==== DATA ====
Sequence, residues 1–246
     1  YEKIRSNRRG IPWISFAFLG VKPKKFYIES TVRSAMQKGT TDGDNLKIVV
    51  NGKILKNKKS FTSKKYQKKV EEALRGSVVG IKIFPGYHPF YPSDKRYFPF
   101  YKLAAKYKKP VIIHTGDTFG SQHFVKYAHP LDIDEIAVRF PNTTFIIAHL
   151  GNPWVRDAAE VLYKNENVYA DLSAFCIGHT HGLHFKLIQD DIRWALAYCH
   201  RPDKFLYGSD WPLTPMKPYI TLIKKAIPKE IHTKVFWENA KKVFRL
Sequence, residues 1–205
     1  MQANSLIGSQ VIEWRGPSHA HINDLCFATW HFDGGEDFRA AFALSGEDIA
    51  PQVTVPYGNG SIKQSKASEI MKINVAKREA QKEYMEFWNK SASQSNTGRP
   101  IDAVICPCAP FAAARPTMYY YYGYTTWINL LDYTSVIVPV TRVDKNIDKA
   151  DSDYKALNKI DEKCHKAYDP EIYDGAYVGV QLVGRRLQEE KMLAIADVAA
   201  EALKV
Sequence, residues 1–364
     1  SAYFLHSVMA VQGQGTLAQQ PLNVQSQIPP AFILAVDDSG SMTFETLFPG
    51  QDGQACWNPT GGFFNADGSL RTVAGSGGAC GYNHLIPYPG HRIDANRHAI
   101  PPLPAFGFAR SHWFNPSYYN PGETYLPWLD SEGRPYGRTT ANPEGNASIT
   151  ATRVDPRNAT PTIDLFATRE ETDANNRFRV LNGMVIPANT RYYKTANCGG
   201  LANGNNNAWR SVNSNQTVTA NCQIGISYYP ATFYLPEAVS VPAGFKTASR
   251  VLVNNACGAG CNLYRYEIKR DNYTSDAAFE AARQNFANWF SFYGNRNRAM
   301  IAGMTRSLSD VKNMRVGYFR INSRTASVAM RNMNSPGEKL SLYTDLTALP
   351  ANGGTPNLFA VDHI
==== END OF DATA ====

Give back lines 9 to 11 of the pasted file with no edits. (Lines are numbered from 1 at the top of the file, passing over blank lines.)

    51  PQVTVPYGNG SIKQSKASEI MKINVAKREA QKEYMEFWNK SASQSNTGRP
   101  IDAVICPCAP FAAARPTMYY YYGYTTWINL LDYTSVIVPV TRVDKNIDKA
   151  DSDYKALNKI DEKCHKAYDP EIYDGAYVGV QLVGRRLQEE KMLAIADVAA